Language vs. Translation

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EvilGrins
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Language vs. Translation

Post by EvilGrins » Mon Jul 30, 2012 3:35 am

More than any other UT/Unreal forum I'm on I see people either surprised what they said came out one way due to a translator or no mentions of it but the sentence structure strongly suggests they either used one or are new to typing in English.

So, what language do you speak/type in prior to translating it here?

I speak/type English, and some ½-way decent Pig Latin.
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Re: Language vs. Translation

Post by Dr.Flay » Tue Jul 31, 2012 7:49 am

Always a valid point in any forum.
It should be included in forum profiles as a standard, but It is a rare thing as forums are usually in one language.

If I were to enable the forum at my UT site, members would have that on view (if filled out), as their profile is connected to a larger community site.

People could just include it with their "Location" info as an alternative (I may very well start doing that)

The Cornish language died in last century, so I speak the language of our owners. English.
We still use a few Cornish words in everyday speech.
It was a cross between the Celtic Welsh (UK) and the Celtic Breton in the north of France.
I live in a European port town so I know tiny bits of German, and French and even smaller amounts of Spanish.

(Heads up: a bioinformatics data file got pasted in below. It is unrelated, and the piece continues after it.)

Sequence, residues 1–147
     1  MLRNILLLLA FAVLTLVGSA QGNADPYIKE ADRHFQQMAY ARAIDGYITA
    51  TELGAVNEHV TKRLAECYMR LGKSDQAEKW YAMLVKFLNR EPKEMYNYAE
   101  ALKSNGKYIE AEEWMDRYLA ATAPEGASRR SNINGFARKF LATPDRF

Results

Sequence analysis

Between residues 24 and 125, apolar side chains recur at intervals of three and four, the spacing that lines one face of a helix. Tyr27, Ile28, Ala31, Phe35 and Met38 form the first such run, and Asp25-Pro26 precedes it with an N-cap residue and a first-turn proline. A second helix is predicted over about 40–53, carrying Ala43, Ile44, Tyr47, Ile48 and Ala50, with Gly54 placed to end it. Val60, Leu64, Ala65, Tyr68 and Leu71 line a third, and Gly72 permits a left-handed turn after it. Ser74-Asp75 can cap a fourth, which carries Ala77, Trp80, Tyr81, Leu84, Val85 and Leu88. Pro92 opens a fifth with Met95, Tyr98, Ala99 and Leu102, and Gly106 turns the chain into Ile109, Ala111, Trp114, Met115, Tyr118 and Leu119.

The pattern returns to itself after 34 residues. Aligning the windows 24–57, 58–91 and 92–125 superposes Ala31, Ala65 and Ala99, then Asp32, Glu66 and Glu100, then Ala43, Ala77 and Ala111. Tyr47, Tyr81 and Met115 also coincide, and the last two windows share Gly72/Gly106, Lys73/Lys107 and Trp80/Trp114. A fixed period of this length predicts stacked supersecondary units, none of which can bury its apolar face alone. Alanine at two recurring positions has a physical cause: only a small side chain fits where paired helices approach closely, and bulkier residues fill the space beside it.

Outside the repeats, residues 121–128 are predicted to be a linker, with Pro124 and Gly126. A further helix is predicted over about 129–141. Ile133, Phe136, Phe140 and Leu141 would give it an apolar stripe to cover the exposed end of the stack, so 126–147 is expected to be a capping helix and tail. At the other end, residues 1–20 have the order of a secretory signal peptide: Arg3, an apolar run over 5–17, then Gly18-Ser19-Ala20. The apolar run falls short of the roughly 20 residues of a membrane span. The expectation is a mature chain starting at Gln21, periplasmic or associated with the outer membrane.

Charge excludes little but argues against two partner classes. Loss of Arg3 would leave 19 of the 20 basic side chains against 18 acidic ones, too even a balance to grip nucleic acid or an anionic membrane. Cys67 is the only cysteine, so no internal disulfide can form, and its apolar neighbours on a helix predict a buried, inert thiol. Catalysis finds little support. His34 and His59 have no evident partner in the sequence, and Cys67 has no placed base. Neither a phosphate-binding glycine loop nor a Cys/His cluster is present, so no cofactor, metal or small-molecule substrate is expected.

You have to also bare in mind that is not always the translator at fault, as if someone types gibberish in any language it will spit out a worse mess.
Unfortunately it all comes down to good grammar, syntax and context. Which is a problem if you are dyslexic or poorly educated etc.

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Re: Language vs. Translation

Post by papercoffee » Tue Jul 31, 2012 8:30 am

You can't compare the German grammar with any other European grammar ... *sigh* why dose it to have so kompliziert.

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Re: Language vs. Translation

Post by Vankuss » Tue Jul 31, 2012 9:17 am

papercoffee wrote:You can't compare the German grammar with any other European grammar ... *sigh* why dose it to have so kompliziert.
I had a relative in Germany, and he said me your text is like CapitaLized SomeWhere, lol. He explained also why, but can't remember.

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Re: Language vs. Translation

Post by papercoffee » Tue Jul 31, 2012 9:40 am

Yeah we capitalize every noun and names ... "Das Haus ist voller Leute die Geburtstag feiern" - "The house is full of people who celebrate birthday"

another difficult thing, if a verb belongs to the noun, we put the verb behind it.

Geburtstag = birthday